Australians are being asked to take part in a postal vote to show whether or not they support a law allowing couples of the same sex to marry.
The Australian Bureau of Statistics (ABS) will run the process, beginning with the posting of ballot papers to all enrolled Australian voters early next month. Ballot papers will start arriving in the mail from September 12, and voters will have until November 7 to post them back. Voting cannot be done online.
Anyone who is not on the Electoral Roll has until August 24 to register with the Australian Electoral Commission. This can be done on the AEC website at www.aec.gov.au/enrol.
According to the latest data from the Australian Electoral Commission, about 5% of Australians of all ages are not currently enrolled. The percentage of young people aged between 18 and 24 who are not enrolled is nearly three times higher.
Unlike a standard plebiscite or election, it is not compulsory to take part. At a cost of $122 million, it is little more than an opinion survey. The government previously called for a compulsory plebiscite, which would have meant voters had to attend a polling booth, as in an election. However, the motion was defeated in the Senate.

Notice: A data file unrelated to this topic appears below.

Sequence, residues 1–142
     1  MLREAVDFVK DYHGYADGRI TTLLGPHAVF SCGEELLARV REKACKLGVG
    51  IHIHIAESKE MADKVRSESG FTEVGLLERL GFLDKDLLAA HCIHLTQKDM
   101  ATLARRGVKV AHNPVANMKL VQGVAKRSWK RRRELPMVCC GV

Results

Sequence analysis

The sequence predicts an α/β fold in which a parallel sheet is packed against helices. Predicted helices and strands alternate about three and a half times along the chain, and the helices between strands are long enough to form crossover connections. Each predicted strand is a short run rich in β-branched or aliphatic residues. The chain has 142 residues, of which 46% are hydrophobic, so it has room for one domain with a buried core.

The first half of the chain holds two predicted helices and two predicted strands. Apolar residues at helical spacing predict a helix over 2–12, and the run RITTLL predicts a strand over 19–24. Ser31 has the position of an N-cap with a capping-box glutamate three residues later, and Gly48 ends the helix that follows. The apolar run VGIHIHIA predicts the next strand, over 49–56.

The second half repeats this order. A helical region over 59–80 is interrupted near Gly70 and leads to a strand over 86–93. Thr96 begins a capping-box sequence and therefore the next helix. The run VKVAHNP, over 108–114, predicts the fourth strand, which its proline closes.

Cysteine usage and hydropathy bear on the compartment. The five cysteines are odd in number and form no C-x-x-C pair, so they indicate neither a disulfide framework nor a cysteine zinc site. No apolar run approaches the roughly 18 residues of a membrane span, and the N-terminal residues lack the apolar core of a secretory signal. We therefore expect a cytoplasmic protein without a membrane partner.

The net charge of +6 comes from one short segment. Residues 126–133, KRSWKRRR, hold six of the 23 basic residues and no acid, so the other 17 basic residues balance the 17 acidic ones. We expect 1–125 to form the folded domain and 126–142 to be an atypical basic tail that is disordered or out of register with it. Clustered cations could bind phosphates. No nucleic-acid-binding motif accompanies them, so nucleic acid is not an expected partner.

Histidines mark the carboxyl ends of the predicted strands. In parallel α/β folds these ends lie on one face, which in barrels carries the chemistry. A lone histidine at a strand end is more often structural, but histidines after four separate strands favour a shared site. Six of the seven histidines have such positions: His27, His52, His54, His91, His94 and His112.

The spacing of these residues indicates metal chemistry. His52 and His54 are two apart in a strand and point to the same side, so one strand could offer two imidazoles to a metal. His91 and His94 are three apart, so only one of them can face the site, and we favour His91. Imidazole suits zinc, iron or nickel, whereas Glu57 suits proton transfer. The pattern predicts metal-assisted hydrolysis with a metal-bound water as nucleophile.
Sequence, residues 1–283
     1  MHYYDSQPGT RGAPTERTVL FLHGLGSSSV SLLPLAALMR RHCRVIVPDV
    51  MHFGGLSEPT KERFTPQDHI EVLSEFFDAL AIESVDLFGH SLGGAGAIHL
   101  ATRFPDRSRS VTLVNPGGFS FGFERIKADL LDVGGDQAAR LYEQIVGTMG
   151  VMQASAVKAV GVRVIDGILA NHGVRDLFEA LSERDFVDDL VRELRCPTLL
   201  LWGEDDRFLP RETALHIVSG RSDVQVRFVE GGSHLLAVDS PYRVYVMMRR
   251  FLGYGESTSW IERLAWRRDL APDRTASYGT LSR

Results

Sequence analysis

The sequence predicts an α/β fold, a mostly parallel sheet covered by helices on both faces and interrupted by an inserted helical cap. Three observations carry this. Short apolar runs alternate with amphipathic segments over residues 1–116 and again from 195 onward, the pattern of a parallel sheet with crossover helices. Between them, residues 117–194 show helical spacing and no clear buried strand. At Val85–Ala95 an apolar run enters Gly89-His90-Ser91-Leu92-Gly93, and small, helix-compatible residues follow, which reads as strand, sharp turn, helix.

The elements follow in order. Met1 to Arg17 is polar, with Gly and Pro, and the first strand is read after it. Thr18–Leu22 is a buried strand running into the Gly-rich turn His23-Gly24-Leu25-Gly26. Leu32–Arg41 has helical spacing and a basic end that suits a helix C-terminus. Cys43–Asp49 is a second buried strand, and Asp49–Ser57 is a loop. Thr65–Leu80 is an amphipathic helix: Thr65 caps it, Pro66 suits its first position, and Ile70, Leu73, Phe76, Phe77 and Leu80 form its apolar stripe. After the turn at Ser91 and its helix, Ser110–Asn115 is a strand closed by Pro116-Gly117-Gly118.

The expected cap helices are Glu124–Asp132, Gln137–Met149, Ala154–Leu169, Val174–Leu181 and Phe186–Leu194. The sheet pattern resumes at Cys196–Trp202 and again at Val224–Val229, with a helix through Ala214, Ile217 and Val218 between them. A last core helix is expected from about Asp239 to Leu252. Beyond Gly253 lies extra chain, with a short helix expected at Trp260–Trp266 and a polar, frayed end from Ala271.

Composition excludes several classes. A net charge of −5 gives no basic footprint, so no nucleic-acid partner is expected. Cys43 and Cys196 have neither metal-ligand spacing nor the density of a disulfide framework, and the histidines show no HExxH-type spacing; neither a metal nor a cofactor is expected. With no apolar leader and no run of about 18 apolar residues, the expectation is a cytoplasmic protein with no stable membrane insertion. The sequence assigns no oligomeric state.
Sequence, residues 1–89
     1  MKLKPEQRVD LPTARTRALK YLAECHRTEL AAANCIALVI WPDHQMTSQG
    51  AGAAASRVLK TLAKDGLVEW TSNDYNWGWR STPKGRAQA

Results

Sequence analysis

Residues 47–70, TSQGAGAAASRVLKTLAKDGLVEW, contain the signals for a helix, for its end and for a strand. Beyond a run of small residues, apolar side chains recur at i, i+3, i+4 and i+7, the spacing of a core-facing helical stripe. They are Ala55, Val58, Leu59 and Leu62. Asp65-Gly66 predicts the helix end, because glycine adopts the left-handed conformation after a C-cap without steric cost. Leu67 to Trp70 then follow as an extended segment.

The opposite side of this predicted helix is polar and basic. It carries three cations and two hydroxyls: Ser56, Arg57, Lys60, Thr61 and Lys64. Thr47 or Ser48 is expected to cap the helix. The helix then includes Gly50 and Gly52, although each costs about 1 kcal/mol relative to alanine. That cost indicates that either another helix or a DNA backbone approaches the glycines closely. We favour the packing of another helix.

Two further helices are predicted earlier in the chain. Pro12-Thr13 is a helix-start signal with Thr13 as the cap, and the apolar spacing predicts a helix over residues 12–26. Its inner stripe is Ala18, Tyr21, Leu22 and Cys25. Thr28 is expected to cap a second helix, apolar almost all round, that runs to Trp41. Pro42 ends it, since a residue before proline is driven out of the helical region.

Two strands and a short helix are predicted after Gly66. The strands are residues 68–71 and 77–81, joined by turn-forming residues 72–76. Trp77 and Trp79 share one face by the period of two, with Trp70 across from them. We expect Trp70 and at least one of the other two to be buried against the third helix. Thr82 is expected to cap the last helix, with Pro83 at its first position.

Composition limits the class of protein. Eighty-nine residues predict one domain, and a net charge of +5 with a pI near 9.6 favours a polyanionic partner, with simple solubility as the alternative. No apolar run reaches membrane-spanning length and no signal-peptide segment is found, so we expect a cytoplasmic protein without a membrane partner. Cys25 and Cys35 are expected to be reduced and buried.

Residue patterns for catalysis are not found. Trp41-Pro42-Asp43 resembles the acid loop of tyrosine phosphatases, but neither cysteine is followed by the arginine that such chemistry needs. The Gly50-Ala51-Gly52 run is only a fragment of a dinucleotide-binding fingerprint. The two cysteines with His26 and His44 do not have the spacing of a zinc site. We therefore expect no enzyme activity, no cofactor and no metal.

Many different groups have objected to the postal vote. The Opposition Labor Party argues that young people who are less familiar with stamps and non-electronic forms of mail will be at a disadvantage.
Some same-sex marriage advocates believe a postal ballot is unconstitutional, and may challenge it in the High Court. There are calls in the gay and lesbian community to simply refuse the vote.
Representatives of at least one remote Indigenous community say it will be difficult for their people to participate.
The Community and Public Sector Union, which represents many of the public servants working at the ABS, says it has “serious concerns” about the capacity of the ABS to run the postal plebiscite. The ABS has faced constant job cuts and demands from government.
The result of the vote will be announced on November 25.
The vote itself will not legalise same-sex marriage. If the result of the vote is “yes”, the government will allow a private member's bill in Parliament in the final sitting fortnight of this year. Members of parliament will be given a free vote, which many people believe will pass.
Prime Minister Malcolm Turnbull said no bill will proceed if the people vote “no”.